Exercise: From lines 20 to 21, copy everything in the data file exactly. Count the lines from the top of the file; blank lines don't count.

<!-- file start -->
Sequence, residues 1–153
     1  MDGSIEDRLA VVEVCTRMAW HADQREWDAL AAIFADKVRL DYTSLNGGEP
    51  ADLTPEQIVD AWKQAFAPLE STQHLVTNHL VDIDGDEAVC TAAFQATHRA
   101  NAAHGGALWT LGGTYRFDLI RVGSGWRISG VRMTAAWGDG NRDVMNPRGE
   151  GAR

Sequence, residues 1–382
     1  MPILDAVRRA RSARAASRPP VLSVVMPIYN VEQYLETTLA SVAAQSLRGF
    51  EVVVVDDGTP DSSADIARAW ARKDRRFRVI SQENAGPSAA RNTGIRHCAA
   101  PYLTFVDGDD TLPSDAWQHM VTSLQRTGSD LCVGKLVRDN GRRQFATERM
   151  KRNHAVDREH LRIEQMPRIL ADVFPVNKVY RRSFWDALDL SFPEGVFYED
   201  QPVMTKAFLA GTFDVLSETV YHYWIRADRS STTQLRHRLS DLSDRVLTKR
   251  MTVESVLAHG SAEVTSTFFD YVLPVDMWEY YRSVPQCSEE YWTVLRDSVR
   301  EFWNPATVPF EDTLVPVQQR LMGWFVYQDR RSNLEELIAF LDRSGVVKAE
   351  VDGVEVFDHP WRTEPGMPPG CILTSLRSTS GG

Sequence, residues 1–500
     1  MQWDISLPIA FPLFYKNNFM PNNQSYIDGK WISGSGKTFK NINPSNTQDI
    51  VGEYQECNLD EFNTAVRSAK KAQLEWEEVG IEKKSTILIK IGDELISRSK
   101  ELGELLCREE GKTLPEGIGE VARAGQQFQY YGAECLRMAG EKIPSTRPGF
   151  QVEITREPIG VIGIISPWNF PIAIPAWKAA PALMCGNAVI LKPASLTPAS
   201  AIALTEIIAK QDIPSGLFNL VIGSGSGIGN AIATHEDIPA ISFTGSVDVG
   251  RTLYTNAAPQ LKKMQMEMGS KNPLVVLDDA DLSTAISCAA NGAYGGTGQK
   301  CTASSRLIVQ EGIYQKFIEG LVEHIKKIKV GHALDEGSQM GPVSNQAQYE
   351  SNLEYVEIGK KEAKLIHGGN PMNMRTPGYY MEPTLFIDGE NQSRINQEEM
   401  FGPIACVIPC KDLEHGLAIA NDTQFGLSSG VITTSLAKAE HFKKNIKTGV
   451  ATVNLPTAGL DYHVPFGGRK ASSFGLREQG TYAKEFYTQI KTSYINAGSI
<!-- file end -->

   201  AIALTEIIAK QDIPSGLFNL VIGSGSGIGN AIATHEDIPA ISFTGSVDVG
   251  RTLYTNAAPQ LKKMQMEMGS KNPLVVLDDA DLSTAISCAA NGAYGGTGQK